The Reserve Bank of India's latest financial stability report (FSR) released on Tuesday painted a gloomy picture, saying India's banking sector remains stressed and the gross non-performing advances (GNPA) ratio is expected to rise further by the end of this financial year.
The quarterly report, an overall assessment of the stability of India’s financial system and its resilience to global and domestic risks, also noted that profitability of scheduled commercial banks (SCBs) declined but macro-stress tests indicate that their GNPA ratio may rise from 11.6% in March 2018 to 12.2% by March 2019. The system level capital to risk-weighted assets ratio (CRAR) may come down from 13.5% to 12.8% during the period. CRAR is the measure of a bank’s capital adequacy in terms of the riskiness of the assets (or loans) on its books.
On public sector banks (PSBs) under prompt corrective action framework (PCA PSBs), the RBI’s macro-stress tests suggest a worsening of their GNPA ratio from 21.0% in March 2018 to 22.3% by March 2019, with six PCA PSBs likely experiencing capital shortfall. “However, the capital augmentation plan announced by the government will go a long way in addressing potential capital shortfall, as also play a catalytic role in credit growth at healthier banks,” the RBI noted in its 17th FSR.
The RBI also flagged concerns about the profitability of weak banks worsening since September 2016 and said more efforts will be needed to improve their resilience.
The central bank also said that the PCA framework will help in improving the banking sector's health by addressing the vulnerabilities of weaker banks. “The PCA framework could help to mitigate financial stability risks by arresting the deterioration in the banking sector, so that further capital erosion is restricted and banks are strengthened to resume their normal operations. Furthermore, if undertaken promptly and well, governance reforms would not only improve the financial performance of banking sector but also help reduce operational risks,” the RBI added.
One of the FSR's worrying conclusions from the RBI’s sensitivity analysis is that a severe shock to the GNPA ratio could bring down the CRAR of as many as 20 banks, mostly public sector banks (PSBs), below 9%. At the same time, there is some relief that the share of large borrowers in the SCBs’ total loan portfolios as well as their share in GNPAs declined marginally between September 2017 and March 2018. “In March 2018, large borrowers accounted for 54.8% of gross advances and 85.6% of GNPAs,” the RBI highlighted. “Top 100 large borrowers accounted for 15.2% of gross advances and 26% of GNPAs of SCBs.”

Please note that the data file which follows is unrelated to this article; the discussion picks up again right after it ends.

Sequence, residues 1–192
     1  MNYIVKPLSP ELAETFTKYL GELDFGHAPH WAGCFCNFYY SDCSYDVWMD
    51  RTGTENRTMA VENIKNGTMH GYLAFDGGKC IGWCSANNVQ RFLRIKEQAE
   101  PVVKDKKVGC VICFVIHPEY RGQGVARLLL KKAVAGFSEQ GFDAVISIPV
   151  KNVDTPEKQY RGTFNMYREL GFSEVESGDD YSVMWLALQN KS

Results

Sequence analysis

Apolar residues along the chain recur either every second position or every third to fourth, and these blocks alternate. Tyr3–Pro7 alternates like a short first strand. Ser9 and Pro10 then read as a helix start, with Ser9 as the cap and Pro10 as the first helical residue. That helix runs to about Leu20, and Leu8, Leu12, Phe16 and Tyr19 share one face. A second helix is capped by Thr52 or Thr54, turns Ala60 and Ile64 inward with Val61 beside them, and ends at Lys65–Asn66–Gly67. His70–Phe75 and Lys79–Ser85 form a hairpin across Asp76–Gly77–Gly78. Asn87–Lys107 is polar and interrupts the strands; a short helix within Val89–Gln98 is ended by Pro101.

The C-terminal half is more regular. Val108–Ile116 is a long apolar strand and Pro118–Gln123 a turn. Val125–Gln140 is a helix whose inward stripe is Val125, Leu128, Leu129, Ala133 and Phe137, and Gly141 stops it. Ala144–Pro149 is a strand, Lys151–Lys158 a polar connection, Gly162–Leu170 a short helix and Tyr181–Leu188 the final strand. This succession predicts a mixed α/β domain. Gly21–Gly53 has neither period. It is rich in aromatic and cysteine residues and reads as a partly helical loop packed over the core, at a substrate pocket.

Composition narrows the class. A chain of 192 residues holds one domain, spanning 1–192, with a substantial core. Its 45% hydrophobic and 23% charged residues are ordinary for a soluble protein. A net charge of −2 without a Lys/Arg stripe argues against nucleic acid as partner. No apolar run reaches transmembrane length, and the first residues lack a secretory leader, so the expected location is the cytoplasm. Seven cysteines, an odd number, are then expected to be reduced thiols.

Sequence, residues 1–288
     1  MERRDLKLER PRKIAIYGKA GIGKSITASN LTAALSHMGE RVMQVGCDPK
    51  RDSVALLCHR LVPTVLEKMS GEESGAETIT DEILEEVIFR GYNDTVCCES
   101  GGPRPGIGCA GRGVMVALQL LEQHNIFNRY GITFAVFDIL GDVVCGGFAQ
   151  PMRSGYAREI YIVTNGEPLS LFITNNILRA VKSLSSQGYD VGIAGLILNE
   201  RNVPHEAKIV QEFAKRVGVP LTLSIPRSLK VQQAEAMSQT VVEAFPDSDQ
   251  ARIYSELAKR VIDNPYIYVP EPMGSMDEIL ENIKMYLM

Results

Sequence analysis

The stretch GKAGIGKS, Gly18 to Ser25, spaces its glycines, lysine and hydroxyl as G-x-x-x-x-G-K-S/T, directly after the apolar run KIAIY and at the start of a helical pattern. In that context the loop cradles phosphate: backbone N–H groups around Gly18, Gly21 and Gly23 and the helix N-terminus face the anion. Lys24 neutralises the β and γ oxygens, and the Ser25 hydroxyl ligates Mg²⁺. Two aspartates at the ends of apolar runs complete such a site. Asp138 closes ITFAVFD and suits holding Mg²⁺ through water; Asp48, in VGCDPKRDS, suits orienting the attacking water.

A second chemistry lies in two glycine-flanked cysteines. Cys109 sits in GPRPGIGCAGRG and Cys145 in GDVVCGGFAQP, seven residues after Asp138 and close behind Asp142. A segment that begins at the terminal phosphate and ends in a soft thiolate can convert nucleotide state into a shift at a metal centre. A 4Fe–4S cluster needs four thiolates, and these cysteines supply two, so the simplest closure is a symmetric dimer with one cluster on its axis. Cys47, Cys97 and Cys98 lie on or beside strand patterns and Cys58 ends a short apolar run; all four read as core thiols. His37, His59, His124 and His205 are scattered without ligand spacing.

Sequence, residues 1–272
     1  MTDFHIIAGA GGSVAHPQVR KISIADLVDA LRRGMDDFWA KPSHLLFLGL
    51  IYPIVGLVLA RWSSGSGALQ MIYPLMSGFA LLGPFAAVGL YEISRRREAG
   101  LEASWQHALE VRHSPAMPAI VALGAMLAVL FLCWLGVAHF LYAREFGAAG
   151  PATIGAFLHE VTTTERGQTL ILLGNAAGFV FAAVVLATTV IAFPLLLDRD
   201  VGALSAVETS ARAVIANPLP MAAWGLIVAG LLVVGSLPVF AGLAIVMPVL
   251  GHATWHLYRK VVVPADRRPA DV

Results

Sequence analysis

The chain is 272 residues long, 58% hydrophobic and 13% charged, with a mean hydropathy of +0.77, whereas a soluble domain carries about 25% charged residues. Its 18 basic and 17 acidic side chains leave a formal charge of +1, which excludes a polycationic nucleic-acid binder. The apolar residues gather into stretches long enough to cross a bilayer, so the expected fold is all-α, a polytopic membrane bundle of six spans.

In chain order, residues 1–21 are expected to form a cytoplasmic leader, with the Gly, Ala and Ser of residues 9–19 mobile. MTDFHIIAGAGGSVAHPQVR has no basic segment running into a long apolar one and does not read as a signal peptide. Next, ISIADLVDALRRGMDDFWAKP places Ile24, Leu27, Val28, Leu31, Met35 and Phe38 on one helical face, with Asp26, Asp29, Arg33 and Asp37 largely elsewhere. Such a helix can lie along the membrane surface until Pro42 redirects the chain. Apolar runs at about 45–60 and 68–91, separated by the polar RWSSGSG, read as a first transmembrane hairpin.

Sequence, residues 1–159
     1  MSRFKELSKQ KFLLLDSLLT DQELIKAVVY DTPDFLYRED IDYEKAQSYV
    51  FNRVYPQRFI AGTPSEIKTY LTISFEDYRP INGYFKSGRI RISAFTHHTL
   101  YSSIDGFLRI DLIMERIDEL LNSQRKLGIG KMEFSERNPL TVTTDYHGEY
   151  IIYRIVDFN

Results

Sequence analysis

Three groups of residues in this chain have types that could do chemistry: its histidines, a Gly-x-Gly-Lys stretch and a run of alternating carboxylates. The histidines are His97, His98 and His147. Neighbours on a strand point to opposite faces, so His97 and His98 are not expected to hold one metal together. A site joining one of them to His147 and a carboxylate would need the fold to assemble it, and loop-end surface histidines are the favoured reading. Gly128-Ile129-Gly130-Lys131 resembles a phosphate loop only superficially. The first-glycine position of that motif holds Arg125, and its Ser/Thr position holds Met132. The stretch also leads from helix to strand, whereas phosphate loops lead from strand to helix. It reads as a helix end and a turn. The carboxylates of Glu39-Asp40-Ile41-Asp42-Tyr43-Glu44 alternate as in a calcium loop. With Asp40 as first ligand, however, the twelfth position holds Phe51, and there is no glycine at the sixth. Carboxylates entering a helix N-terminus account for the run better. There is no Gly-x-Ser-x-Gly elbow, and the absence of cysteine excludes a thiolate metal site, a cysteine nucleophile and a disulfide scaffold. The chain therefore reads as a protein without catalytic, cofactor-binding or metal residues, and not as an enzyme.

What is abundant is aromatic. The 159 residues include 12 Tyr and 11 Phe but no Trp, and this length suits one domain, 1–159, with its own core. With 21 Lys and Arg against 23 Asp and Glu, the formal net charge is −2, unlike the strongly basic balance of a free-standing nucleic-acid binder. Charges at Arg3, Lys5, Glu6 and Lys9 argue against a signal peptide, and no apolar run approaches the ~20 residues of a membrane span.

The RBI is cognizant of the fact that weak profitability of SCBs is a concern as low profits can prevent banks from building a cushion against unexpected losses and make them vulnerable to adverse shocks. The median return on assets (RoA) of SCBs came down further in March 2018, and there were several structural issues resulting in low profitability of SCBs, which included high loan loss provisions, debt overhang, increasing costs, and declining revenues.
The RBI also flagged concerns about the profitability of weak banks (14 banks with RoAs in the bottom quartile) worsening since September 2016 and said more efforts will be needed to improve their resilience. “Though such weak banks had higher pre-provisions operating profits (EBPT), the higher risk provisioning against NPAs on their balance sheets resulted in their low profitability,” the RBI said.
Under the RBI’s assumed baselines scenario, six PCA PSBs may have the minimum regulatory level CRAR of 9% by March 2019 without taking into account any further planned recapitalisation by the government. However, if macroeconomic conditions deteriorate, 10 banks may record CRAR below 9% under a severe macro-stress scenario. Under such a severe stress scenario, the system level CRAR may decline from 13.5% to 11.5% by March 2019, while under the baseline scenario, CRAR of SCBs may decline to 12.8%. Under such a severe stress scenario, six banks may have common equity Tier 1 (CET 1) capital to risk-weighted assets ratio below the minimum regulatory required level of 5.5% by March 2019. The system level CET 1 capital ratio may decline from 10.4% in March 2018 to 8.6% by March 2019 under the severe stress scenario. “The capital augmentation plan announced by the government will go a long way in addressing potential capital shortfall as also play a catalytic role in credit growth,” the RBI said.
Observers seem less worried now. A Kotak Institutional Equities’ report says the RBI’s FSR broadly reiterates their view that stress levels in the banking sector appear to be showing stable signs with no further deterioration in the underlying numbers. “We see FY19 as a very promising year on the resolution of bad loans,” says the report jointly authored by M.B. Mahesh, Nischint Chawathe, and Dipanjan Ghosh. With a bulk of the bad loans coming from the large corporate segment, most of these loans are now seeing a resolution through the insolvency code. “Our study suggests that significant progress has been achieved on the first list of RBI cases referred to IBC which we expect should see better progress from 2QFY18 as several cases are pending for clarification of the code at various courts,” the trio adds.
Clearly, one needs to join the RBI to hope that all will be well with the Indian banking sector.